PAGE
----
Frost, P. (2014). Population differences in intellectual capacity: a new polygenic analysis, Evo and Proud, March 8

Hill, W. D., R.E. Marioni, O. Maghzian, S.J. Ritchie, S.P. Hagenaars, A.M. McIntosh, C.R. Gale, G. Davies, I.J. Deary. (2018). A combined analysis of genetically correlated traits identifies 187 loci and a role for neurogenesis and myelination in intelligence. Molecular Psychiatry

Okbay, A., J.P. Beauchamp, M.A. Fontana, J.J. Lee, T.H. Pers, C.A. Rietveld, et al. (2016). Genome-wide association study identifies 74 loci associated with educational attainment. Nature 533: 539-542.

Piffer, D. (2017a) Evidence for Recent Polygenic Selection on Educational Attainment and Intelligence Inferred from GWAS Hits: A Replication of Previous Findings Using Recent Data. Preprints, June 8

Piffer, D. (2017b). Piffer's results replicated (again) by latest GWAS (N=147,194), toppseudoscience, July 21

Rindermann, H. (2018). Cognitive Capitalism. Human Capital and the Wellbeing of Nations. Cambridge University Press.

Woodley, M.A., S. Younuskunju, B. Balan, and D. Piffer. (2017). Holocene selection for variants associated with general cognitive ability: comparing ancient and modern genomes. Twin Research and Human Genetics 20(4): 271-280. 

Monday, May 7, 2018

Outbreeding: not what you may think

Mean number of children as a function of geographic distance between Danish marriage partners (Labouriau and Amorim 2008).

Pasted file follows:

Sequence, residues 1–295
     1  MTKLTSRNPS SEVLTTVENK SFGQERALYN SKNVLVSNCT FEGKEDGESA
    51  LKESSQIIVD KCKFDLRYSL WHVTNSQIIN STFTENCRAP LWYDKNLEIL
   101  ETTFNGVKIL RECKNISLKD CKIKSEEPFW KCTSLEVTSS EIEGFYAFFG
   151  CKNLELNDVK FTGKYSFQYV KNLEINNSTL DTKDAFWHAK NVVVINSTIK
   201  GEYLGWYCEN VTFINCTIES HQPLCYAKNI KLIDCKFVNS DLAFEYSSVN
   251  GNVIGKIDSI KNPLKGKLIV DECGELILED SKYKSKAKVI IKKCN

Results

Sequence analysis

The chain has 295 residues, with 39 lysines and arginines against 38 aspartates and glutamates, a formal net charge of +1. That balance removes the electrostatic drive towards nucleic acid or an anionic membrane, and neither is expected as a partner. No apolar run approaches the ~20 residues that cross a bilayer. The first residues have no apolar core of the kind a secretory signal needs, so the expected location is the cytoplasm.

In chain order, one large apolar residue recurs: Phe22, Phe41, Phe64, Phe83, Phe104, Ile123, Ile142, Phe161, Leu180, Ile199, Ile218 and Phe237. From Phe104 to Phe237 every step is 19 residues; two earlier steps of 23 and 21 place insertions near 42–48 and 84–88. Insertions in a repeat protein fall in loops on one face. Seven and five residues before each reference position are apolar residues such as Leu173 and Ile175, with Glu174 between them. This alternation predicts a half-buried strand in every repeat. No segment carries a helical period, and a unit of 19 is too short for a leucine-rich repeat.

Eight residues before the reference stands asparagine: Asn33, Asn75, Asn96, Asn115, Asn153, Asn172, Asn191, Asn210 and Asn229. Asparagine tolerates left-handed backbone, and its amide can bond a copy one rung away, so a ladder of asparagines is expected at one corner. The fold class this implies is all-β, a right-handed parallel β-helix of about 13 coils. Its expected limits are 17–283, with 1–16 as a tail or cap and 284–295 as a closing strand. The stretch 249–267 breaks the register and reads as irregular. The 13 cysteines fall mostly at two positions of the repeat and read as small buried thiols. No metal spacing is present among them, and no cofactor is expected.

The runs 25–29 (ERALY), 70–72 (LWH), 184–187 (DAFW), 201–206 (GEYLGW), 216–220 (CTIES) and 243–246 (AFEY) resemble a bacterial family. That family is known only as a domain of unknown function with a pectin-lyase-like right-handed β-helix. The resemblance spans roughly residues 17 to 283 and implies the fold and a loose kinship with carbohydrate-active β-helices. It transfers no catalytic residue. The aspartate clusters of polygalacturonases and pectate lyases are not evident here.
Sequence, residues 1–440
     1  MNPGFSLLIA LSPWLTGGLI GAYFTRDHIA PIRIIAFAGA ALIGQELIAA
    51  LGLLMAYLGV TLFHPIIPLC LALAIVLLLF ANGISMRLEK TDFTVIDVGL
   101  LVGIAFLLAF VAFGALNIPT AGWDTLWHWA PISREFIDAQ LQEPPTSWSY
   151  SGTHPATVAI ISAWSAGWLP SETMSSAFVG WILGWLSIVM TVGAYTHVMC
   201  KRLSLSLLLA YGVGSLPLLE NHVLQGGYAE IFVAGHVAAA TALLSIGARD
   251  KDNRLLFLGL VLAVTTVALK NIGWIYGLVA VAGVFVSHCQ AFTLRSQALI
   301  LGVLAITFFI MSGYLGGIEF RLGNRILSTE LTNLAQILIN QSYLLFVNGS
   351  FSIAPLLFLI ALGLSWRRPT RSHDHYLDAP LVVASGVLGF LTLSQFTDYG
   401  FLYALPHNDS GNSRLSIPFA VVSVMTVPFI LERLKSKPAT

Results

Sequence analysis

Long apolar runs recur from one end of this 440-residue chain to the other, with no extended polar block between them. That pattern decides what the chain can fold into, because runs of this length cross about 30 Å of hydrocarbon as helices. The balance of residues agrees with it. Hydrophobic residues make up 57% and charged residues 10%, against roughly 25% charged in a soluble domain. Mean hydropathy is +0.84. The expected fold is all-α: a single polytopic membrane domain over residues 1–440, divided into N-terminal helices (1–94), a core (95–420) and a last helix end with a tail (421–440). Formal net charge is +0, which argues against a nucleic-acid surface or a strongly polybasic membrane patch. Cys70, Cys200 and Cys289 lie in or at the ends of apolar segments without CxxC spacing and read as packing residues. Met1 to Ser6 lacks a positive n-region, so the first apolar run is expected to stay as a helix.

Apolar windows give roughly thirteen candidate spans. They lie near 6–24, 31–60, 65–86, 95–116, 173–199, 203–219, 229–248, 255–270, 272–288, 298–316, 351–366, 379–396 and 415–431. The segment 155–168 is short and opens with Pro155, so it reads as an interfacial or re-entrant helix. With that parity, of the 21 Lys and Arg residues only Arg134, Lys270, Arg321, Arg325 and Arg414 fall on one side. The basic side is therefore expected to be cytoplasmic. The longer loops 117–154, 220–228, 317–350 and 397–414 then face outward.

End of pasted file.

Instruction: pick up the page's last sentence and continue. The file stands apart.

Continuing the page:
Most of us know about the genetics costs of inbreeding. If you do a Google search for "inbreeding is bad," you get 35,900 hits.  "Outbreeding is bad" yields only 2.

Yet outbreeding does incur genetic costs. It can reduce fitness either by introducing alleles that are unsuited to the local environment or by disrupting co-adapted gene complexes. When a native trout species was hybridized with non-native trout, fertility fell by half with as little as 20% admixture (Muhlfeld et al. 2009).

Fertility is the canary in the coal mine. A measurable decline is a sign that some genes are malfunctioning, either at the time of fertilization or during embryonic development. A malfunction can occur because the genes from the mother and father are too similar—the risk is higher that both copies of a gene will be defective. It can also occur because one copy is too different—incompatibilities may develop with other genes.

That's what we know from data on fish and other animals. But what about our species? At what degree of relatedness do the costs of human outbreeding start to exceed the benefits? When you marry a Neanderthal? The answer may surprise you. An Icelandic study found that fertility peaks at marriages between third or fourth cousins. Fertility is lower when the prospective parents are more closely related ... or less.

Our results, drawn from all known couples of the Icelandic population born between 1800 and 1965, show a significant positive association between kinship and fertility, with the greatest reproductive success observed for couples related at the level of third and fourth cousins. Owing to the relative socioeconomic homogeneity of Icelanders, and the observation of highly significant differences in the fertility of couples separated by very fine intervals of kinship, we conclude that this association is likely to have a biological basis. (Helgason et al. 2008)